10 questions you're asking us about cookies

A lot of you have been asking us for advice on cookies following a recent change in the law. The so-called ‘cookie law’ is part of a wide-reaching e-privacy directive, that deals with the regulation of a number of important issues such as confidentiality of information, treatment of traffic data, spam and cookies. It requires all websites in the UK to seek consent before using ‘non-essential’ cookies.
But in doing so you could be blocking crucial analysis tools from gathering anonymous data. Ninety-five per cent of websites use cookies in one form or another, so it’s important that you unsderstand just what is happening with your website, and what you need to do next.
It came into force on May 26, and below, you will find some frequently asked questions that many have been asking us. Please note that our advice is given as web consultants, not legal experts. As yet, the cookie law has not been tested in court and we can only interpret it as we read it.

1. What is a cookie?

A cookie is a small text file that is saved onto your computer when you visit a website. Most websites use them. They usually keep information, so that when you move away from a website, it can be read when you come back. This makes it easier for websites to give you a more personal experience.

2. Does my site use cookies?

If your site has any of the following features, it will almost certainly use cookies:

  • Shopping basket – to remember what you’ve put in your basket when you move from page to page
  • Login capabilities – to remember that you are logged in, or to save you logging in every time you revisit
  • Analytics – to record details of your visit to feed back to the service
  • Advertising – to pass information back to advertisers about your ad viewing
  • Sharing capabilities – to remember essential information that makes sharing easier

3. What’s the difference between an essential and a non-essential cookie?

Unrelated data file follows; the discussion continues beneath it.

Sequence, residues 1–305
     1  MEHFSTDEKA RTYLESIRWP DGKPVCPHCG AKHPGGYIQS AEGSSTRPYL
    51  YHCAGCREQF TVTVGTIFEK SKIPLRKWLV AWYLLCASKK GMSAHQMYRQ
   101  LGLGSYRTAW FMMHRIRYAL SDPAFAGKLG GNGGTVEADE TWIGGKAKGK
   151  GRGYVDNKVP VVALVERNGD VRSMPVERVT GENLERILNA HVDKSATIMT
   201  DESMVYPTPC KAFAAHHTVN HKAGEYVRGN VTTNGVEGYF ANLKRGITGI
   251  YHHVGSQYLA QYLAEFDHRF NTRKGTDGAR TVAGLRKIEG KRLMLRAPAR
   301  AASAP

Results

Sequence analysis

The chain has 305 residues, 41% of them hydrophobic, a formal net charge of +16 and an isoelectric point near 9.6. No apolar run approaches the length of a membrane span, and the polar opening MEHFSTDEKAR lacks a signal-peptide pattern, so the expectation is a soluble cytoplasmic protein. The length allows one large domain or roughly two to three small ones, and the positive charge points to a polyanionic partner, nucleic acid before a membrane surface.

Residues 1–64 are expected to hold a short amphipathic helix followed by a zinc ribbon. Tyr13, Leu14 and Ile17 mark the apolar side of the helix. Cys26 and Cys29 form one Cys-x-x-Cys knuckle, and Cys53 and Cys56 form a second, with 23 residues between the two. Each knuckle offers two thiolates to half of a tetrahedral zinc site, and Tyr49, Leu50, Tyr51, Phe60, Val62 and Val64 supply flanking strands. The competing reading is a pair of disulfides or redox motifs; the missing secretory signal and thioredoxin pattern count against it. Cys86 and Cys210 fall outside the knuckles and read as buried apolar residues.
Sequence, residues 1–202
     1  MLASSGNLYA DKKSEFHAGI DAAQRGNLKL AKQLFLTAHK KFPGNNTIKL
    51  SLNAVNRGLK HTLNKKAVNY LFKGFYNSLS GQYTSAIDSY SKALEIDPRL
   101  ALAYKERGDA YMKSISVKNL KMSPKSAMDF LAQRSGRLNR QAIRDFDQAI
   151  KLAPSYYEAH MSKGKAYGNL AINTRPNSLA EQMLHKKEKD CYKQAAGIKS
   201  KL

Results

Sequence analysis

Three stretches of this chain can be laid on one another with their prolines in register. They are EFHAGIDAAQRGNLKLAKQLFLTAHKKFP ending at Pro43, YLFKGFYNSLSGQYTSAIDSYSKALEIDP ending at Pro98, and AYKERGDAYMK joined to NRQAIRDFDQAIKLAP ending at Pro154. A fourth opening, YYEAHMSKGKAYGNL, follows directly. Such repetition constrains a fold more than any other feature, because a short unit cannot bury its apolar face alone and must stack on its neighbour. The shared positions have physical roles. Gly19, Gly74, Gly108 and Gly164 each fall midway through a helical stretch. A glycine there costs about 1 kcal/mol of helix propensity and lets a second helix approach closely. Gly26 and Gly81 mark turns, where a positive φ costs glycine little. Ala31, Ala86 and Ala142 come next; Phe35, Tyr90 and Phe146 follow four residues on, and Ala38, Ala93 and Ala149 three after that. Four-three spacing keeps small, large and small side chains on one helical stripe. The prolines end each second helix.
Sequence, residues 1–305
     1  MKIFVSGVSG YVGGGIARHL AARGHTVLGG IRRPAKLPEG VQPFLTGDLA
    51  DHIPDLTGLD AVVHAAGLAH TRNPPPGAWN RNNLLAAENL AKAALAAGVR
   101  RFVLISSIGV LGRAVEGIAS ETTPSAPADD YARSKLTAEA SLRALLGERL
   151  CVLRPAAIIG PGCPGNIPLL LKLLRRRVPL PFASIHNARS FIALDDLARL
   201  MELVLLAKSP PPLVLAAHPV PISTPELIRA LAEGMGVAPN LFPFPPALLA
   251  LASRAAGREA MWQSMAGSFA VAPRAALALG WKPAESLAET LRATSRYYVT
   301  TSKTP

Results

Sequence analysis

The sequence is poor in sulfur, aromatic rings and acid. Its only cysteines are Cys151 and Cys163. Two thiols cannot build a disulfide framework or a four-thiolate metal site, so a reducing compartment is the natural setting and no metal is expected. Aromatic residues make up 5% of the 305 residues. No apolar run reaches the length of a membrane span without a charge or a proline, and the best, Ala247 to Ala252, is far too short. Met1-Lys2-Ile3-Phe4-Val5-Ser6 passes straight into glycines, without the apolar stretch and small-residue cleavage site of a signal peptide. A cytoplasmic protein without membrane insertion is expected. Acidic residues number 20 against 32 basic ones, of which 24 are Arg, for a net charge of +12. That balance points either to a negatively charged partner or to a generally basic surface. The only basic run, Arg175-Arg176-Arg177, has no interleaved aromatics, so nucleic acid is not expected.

An essential cookie is required for the website to operate as you would expect, eg a shopping cart. If you rejected cookies and your shopping basket stopped working, the website would be useless, so these are allowed. Cookies that track advertising and analytics, are said to be non-essential, so consent must be sought.

4. How should my website seek consent?

Shortly before the new rules came into effect, the Information Commissioner’s Office changed its guidelines to say that implied consent was OK. This means that you can tell visitors you use cookies without seeking opt-in consent, but you must also link them to your privacy policy or separate cookie policy. You must list all the cookies you use and what they are used for, and you must give your users the option to opt-out of using non essential cookies.

5. Can I do it myself?

Yes, if you feel you have the technical ability, there’s nothing stopping you from editing your own code, or adding one of the many pre-written scripts available. If your site is built with WordPress, you can use one of the plugins available, but always remember that you should check that any code you add or edit, does exactly what you want it to.

6. Will Canary Dwarf do it for me?

As providers of websites, we have an obligation to make our sites and services compliant with various laws including the Data Protection Act, the Disability Discrimination Act, and we will be providing the options for all new websites to be compliant with the e-Privacy Directive, according to the preferences of the website owner. We can also add cookie consent functionality to existing websites. Find out more about our cookie consent service.

7. Will I be fined if I don’t comply?

Only if you persistently refuse to follow the law. Before a fine, you would be given ample opportunity to make the necessary changes to your website.

8. What is Canary Dwarf doing about it?

You will see on our website that we have added an info bar which alerts users to the fact we use cookies, and a link to our privacy policy, where you can agree (to turn off the alert) or disagree (to block cookies until further notice) In the meantime, we will use cookies as outlined in our privacy policy until you tell us not to. This is what is called implied consent. By continuing to use the website, you have implied to us that you are happy for us to use cookies.

9. What will happen if I just stop using cookies on my website?

Most importantly, you lose your analytic services. These are the most important statistics that a website can collect on its users. They don’t identify users in any way (most, including Google Analytics, don’t even collect IP addresses), but they are an enormously important resource on which to improve your website. Losing these, or even some of these, will make it harder for you to know what is working on your website and what isn’t.

10. What if I have another question?

That’s easy, just email us. We’ll answer any questions you might have about your website and the cookie law. We hope that clears up some of what has become a very grey area, and shed some light not only on the new ‘cookie law’ but also on cookies themselves and how important they are for your website. You can read more about our cookie consent service.

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